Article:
Manchester, 1981. We are in the still room of a small failing hotel, a place of little ambition where the only form of escapism comes from watching the Diana and Charles wedding on TV. And yet, the 17-year-old waitress Janice (Kate James) wants something more. She knows that she is destined to bigger things, and is waiting for her O levels results to know if she can ever achieve her dreams. Funny, energetic and touching, “The Still Room” at Park Theatre depicts the tragicomedy of young women imprisoned by the norms of their social class and gender.
The whole narrative centres around the interactions of the waiting staff of the hotel in between shifts, or while they are running around carrying plates, shouting orders and cleaning cutlery. Despite it being a “still room”, the energy is very much alive, and every scene incorporates at least some form of action. The loud and opinionated Janice is the most chaotic element of the kitchen, and the rest of the staff often teases her about her eccentricity. Even her best friend Karen (Larner Wallace Taylor), who in opposition is calm and a little dull, struggles to understand why her friend would want to leave town. The biggest concern of the two friends, however, seems to be about sex and how to lose their virginity. Sex is the only form of emancipation the girls can really dream of and is a central point of the play that keeps coming up, which is quite realistic for a play about conversations between curious teenagers.
Everything changes when the beautiful and elegant Diane (Zoe Brough) starts working in the kitchen to pay for her holiday in Greece. Janice can’t help but compare herself to a girl who is her polar opposite and start holding a grudge as the general attention pivots toward this new waitress. The dynamic between the two girls is well explored, and despite being a little stereotypical, the duality and opposition between the characters were established very interestingly. The most striking image of the whole play was the scene where Diane accidentally burns her ankle and lies on the floor surrounded by the staff, while Janice is having sex for the first time in the kitchen. The simultaneous panting and screams of the two girls blurred the line between pain and pleasure and cleverly played with contrasts, although the scene was slightly too crude and shocking.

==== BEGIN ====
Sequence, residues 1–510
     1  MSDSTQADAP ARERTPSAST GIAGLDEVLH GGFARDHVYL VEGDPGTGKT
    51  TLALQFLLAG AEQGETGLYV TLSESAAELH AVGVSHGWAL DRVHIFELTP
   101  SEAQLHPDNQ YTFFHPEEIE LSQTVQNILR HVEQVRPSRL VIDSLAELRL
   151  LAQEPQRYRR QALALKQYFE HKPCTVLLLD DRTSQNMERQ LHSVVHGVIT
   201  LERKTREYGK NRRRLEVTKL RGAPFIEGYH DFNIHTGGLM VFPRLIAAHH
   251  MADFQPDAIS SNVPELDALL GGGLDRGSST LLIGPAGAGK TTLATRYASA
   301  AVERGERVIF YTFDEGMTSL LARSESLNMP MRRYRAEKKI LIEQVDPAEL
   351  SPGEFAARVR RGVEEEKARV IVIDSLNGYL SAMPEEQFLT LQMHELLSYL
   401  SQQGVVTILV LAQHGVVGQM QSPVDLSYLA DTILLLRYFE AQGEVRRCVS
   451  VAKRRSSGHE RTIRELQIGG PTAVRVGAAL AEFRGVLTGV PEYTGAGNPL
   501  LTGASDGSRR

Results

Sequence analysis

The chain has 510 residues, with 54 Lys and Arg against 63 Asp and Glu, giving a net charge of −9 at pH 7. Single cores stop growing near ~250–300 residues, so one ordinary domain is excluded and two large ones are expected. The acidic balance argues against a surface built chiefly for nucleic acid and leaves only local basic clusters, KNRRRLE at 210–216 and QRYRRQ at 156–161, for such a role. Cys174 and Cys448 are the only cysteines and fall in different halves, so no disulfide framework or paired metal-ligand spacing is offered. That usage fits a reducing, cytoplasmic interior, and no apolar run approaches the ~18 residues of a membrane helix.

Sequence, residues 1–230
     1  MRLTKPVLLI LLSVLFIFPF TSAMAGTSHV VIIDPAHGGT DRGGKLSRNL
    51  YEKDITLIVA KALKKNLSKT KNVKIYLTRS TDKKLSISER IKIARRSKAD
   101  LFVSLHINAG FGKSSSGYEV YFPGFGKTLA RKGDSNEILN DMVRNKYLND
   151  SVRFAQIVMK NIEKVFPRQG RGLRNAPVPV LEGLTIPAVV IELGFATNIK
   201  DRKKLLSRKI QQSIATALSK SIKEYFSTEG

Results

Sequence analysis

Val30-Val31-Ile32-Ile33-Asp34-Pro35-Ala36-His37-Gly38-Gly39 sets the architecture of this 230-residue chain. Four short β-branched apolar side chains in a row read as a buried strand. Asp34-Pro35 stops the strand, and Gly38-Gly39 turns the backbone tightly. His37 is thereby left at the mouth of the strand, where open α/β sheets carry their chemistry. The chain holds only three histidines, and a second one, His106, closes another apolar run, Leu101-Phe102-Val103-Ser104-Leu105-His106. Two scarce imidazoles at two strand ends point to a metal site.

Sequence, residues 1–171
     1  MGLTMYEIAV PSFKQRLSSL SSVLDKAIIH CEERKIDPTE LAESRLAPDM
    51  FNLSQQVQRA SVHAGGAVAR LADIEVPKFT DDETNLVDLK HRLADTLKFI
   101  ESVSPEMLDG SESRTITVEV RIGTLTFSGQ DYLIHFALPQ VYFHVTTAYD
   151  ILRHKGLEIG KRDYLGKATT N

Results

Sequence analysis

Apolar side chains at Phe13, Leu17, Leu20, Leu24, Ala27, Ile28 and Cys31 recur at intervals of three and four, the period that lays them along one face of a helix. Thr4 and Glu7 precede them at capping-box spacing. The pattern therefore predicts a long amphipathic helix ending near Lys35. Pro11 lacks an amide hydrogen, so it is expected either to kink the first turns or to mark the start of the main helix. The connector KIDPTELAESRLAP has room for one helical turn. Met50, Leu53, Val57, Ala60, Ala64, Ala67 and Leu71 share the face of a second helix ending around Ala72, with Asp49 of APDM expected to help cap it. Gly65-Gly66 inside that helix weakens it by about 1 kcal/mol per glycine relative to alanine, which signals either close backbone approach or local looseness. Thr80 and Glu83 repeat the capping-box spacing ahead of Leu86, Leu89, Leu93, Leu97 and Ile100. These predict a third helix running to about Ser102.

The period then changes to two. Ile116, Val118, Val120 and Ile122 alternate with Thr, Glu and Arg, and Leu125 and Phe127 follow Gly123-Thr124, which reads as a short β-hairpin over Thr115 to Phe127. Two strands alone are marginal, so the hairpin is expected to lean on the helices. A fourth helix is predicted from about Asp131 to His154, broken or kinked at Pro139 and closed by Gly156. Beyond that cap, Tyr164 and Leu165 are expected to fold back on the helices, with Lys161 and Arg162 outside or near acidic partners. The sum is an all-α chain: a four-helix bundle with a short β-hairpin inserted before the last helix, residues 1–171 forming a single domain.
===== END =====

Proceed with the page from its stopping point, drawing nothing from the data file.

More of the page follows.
The performances were all extremely convincing and energetic, and Kate James carried the whole play from start to end with undying energy and an extremely touching final monologue. Zoe Brough worked amazingly as the protagonist’s opposite, and embodied Dian’s grace and elegance to perfection. Larner Wallace Taylor as Karen had a slouched and snarky attitude that was very suited for comedic relief. The rest of the cast included Chris Simmons as Kevin the manager, a clownish character with a baggy suit that was a little too enthusiastic about the girls; Jane Slavin as Bernice, an overworked middle-aged waitress; and Jack Colgrave Hirst as Dean, a cocky waiter with an arrogant and flirty attitude.
Writer Sally Rogers wrote the play after her own experience in service as a teenager, where not only was sex extremely present and was all that existed but young girls were constrained to what was expected of them on many levels. “The still room” tells the story of a girl who tries to set herself free from these expectations, but is already tragically caught in the net with no possibility to escape. Get your tickets for the play at www.parktheatre.co.uk
Photo credit: Multitude media
Reviewed by Céline Galletti – Celine is a volunteer writer for Abundant Art. Originally from France and Italy, she follows her passion for writing and art by studying Comparative Literature at UCL, London. As an international student living in London, she is determined to fully experience and understand the city’s vibrant arts scene, and be a part of its creative storm.